Yamuna F.

Queer communities have been laboratories for radical cultural innovation throughout history. This was never more apparent than in the twentieth century, when increasing urban populations, changing societal norms, and independent media channels fueled the growth of alternative spaces and networks of solidarity, celebration, and activism. While members of the queer community were often forgotten or denounced by mainstream society and deprived of financial and social resources, their creativity emerged in the less regimented spaces of nightclubs and art spaces. In particular, the ball culture of New York City in the 1980s provided the context not only for performance and costume design, but for cultural commentary, friendship, and AIDS awareness. It was a space to explore gender and sexuality with a community where such freedom would be fostered.
 
Yamuna Forzani, who graduated from the Textile & Fashion department at The Hague’s Royal Academy of Art, celebrates ball culture in a multidisciplinary practice that combines fashion, photography, dance, installation, and social design through inclusive public events. The ball becomes a shared platform uniting these creative methodologies, paying homage to the balls of the 1980s while also experimenting with new formats or themes. Her Utopia Ball Fashion Show honours the ball tradition of providing a competition structure based on multiple, complex categories of performance, from “Virgin Runway” to “Executive Realness”. This variety of categories acknowledges a history in which queer members of society have sought different modes of self-expression and self-protection, as well as a new set of contemporary aesthetics. Forzani’s collection of twenty-four multi-coloured knit outfits are also debuted in the ball, interweaving the design with the real-world context that inspired it. Her collection is designed not to exclude any individual but to be genderful, celebrating the multiplicity of roles and identities that we embody within social structures.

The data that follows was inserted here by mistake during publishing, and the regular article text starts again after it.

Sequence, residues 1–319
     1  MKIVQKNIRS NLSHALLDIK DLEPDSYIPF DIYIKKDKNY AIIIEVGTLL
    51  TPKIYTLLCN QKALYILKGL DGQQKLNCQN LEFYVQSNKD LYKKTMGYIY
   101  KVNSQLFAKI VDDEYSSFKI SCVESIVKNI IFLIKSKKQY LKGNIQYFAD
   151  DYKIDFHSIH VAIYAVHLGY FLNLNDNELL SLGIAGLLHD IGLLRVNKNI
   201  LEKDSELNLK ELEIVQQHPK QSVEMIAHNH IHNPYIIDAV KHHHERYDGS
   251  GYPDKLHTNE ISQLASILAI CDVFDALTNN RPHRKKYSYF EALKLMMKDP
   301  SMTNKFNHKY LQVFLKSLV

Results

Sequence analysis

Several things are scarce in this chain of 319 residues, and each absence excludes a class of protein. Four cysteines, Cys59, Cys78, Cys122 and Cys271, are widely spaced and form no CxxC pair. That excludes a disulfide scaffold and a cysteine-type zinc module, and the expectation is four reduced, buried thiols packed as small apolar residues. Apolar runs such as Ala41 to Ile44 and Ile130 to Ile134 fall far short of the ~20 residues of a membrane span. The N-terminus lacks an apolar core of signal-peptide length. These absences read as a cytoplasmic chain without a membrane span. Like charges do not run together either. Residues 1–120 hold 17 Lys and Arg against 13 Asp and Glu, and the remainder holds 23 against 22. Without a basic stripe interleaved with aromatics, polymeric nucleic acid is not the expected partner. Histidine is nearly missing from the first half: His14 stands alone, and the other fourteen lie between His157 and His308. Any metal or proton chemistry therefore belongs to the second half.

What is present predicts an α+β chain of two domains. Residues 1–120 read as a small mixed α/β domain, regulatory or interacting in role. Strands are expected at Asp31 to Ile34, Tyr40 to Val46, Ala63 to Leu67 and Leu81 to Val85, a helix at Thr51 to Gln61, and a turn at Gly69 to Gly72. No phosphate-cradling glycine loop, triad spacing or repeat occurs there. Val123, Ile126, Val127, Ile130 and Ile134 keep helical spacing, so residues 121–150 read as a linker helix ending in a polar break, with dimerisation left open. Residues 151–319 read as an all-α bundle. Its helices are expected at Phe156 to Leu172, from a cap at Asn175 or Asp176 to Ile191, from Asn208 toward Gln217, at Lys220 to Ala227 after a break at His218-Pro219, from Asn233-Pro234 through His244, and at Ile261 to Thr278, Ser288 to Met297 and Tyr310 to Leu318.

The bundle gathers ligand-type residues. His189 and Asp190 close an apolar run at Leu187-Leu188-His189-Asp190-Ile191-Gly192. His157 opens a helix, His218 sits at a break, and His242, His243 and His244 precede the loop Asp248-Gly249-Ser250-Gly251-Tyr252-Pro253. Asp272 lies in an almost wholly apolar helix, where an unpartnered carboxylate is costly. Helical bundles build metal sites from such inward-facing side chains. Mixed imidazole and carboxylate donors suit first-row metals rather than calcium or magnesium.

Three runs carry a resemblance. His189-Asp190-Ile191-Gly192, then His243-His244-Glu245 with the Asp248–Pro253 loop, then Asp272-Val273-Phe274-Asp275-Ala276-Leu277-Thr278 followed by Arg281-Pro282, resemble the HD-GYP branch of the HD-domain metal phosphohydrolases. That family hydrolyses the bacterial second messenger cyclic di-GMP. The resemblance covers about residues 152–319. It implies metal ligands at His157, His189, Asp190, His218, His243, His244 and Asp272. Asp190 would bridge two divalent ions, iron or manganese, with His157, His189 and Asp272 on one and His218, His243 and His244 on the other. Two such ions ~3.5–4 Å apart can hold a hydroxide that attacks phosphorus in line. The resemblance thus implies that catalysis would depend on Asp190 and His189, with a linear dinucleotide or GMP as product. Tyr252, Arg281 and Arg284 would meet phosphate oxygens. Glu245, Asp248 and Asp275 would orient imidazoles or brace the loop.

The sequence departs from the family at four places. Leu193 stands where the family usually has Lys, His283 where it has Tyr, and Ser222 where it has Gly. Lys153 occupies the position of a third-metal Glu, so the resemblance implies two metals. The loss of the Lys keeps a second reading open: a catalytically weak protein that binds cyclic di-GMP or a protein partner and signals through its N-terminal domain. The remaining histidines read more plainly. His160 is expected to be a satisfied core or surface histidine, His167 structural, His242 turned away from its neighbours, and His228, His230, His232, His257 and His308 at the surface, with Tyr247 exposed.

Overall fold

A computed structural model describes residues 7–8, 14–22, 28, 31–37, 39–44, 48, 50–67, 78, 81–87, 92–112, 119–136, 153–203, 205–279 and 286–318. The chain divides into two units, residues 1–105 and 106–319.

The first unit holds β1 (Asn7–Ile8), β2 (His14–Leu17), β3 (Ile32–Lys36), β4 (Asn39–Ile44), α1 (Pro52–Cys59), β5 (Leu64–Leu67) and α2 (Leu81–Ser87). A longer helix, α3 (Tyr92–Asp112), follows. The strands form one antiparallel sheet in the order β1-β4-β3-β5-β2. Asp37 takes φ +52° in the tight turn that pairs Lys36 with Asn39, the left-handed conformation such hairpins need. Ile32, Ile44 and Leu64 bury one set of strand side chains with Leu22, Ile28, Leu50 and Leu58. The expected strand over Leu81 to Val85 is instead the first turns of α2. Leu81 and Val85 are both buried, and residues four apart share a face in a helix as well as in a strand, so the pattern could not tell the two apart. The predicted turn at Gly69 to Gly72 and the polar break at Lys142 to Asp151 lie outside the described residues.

By hosting such events, Forzani enacts a design practice that celebrates her interests outside of the traditional design field; she leaves space to express her artistic and political activism, as a member of the Kiki House of Angels in the Netherlands and an international member of New York’s House of Comme Des Garçons. Rather than suppressing personal perspectives in accordance with an idea of “neutral professionalism”, designers today can contribute to the most important contemporary debates, from climate change and migration to automation and privacy. Forzani’s work demonstrates the imaginative and rhetorical powers embedded within creative production, and their potential to reach far beyond the design industry.